Wednesday, June 8, 2011

Learned Helplessness and Unethical Treatment of Animals (LTR Post 3)

I'm sure all of you who are reading this have heard of the backlash on the scientific community for testing on animals. I am also sure that the first thing that comes to mind are medicines or cosmetics. However, in reading about learned helplessness in our text, I found that the testing done by Seligman and Maier on dogs to be horrible and cruel. These psychologists were, in fact, suspending these dogs in harnesses and exposing them to either inescapable shock, escapable shock (in which the shock was terminated by pressing a lever with their snout), or no shock (the control group, as well as the lucky ones). Also, each dog in the escapable shock condition was paired up with a dog in the inescapable shock condition. This was so that when the one dog deactivated the shock for himself, it also deactivated it for their helpless partner. This, of course, was only phase one. The intent of the study was to look at learned helplessness, defined in our text as "decrement in learning ability that results from repeated exposure to uncontrollable aversive events".
In phase two of this unethical experiment, the psychologists set up a shutter avoidance test where the dogs had to learn to avoid shock by jumping over a barrier. Before each shock, they were exposed to a ten second period of darkness. Those dogs who were in the initial no-shock group learned quickly to jump over the barrier during the time of darkness, so as to avoid the shock entirely, along with the escapable shock group. However, the dogs in the inescapable shock condition ran around in distress at the shock, but finally laid down and took the shock. There was no effort made to avoid it. If they had jumped over the barrier, the shock would have stopped; and those who DID do so failed to repeat the action and discontinue the shock again.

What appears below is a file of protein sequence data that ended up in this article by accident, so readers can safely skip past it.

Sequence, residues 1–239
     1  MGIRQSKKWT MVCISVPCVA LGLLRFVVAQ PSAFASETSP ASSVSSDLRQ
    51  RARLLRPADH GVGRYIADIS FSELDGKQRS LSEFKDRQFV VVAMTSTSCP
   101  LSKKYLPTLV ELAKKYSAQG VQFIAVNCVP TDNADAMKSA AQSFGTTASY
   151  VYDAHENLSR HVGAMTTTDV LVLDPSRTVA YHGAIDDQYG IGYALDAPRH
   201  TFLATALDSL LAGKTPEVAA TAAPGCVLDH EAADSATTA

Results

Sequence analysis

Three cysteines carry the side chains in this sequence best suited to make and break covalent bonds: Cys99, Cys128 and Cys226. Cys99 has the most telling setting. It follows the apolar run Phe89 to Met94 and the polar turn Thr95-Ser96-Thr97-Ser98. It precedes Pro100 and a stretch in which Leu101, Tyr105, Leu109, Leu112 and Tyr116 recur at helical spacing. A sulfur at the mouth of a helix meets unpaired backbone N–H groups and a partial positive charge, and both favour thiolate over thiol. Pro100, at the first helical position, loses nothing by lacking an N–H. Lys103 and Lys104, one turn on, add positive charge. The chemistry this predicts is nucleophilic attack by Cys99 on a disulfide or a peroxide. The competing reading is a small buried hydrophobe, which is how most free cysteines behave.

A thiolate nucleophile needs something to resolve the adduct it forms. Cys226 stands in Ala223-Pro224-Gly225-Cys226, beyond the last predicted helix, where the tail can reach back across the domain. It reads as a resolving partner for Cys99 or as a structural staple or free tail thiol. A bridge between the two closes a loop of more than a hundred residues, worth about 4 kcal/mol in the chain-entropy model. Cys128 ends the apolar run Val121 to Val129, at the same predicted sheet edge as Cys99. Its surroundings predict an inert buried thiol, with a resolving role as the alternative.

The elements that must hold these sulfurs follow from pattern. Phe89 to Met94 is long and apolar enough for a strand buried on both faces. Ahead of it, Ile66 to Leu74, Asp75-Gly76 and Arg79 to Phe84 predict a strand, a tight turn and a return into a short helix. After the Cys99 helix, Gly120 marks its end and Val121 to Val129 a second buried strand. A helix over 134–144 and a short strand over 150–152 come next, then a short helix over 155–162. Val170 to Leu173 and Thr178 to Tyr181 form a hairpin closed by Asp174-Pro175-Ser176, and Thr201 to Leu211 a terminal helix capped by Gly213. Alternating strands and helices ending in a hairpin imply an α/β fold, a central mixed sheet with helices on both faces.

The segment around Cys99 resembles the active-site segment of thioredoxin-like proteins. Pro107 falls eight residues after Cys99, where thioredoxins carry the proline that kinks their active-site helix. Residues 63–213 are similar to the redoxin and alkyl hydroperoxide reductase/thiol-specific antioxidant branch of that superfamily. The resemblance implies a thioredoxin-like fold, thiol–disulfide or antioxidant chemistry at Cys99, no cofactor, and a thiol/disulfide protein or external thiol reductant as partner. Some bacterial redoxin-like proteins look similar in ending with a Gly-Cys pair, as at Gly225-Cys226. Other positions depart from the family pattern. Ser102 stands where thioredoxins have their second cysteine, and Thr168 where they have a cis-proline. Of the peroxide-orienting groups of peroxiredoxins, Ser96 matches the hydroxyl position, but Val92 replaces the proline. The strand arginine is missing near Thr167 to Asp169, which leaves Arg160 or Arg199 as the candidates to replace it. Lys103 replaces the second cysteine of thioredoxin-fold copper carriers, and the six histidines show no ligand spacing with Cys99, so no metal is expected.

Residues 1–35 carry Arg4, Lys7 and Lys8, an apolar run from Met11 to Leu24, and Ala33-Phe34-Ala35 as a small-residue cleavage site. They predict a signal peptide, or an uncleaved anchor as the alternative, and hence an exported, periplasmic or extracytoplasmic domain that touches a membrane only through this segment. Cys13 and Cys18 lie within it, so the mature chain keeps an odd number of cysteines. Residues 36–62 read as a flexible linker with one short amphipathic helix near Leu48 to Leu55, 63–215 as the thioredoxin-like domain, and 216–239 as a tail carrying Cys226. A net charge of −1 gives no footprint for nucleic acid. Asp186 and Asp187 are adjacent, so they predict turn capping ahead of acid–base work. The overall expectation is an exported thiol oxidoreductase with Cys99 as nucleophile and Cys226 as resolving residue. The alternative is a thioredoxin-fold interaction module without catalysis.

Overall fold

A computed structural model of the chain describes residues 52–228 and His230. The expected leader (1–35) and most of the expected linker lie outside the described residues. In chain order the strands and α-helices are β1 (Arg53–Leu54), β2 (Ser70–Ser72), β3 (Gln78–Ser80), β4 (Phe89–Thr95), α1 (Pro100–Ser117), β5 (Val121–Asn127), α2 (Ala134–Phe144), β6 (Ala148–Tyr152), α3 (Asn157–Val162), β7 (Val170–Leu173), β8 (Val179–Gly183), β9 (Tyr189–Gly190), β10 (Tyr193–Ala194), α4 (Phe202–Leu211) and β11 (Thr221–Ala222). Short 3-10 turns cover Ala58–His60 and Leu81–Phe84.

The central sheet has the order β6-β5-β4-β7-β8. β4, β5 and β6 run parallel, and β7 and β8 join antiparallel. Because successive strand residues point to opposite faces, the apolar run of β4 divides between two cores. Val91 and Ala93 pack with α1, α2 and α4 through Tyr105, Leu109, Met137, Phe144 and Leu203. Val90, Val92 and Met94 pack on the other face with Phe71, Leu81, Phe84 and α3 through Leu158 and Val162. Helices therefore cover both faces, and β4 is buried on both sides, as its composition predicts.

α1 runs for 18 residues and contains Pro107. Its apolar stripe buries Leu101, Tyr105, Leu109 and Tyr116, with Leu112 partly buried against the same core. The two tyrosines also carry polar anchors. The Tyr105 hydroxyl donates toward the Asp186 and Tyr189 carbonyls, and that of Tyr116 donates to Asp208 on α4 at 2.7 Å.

This study is listed on websites such as listverse as one of the top ten unethical psychological experiments ever performed, along with the Stanford prison experiment and the Milgram Study. The American Psychological Association, as we all know, has guidelines for the ethical treatment of people in psychological experiments. They also have created, in the past 20 years, guidelines for the ethical treatment of animals. I encourage you all to read these guidelines, as they prevent unethical studies like Seligman and Maier's from occuring again.


Top 10 Unethical Psychological Experiments:
APA's Guidelines for Ethical Conduct in the Care and Use of Animals:

1 comment:

  1. This was indeed a horrible experiment to conduct. Learned helplessness is a horrible concept in the first place; so to recreate it in a lab is horrible and simply put - torture. I've learned about learned helplessness in many other courses, and never came across this study. I wonder if they left it out on purpose? Although this is such a depressing concept, I feel like it is important for people to understand what it is and how it effects those who suffer from it. Great, informative post!

    ReplyDelete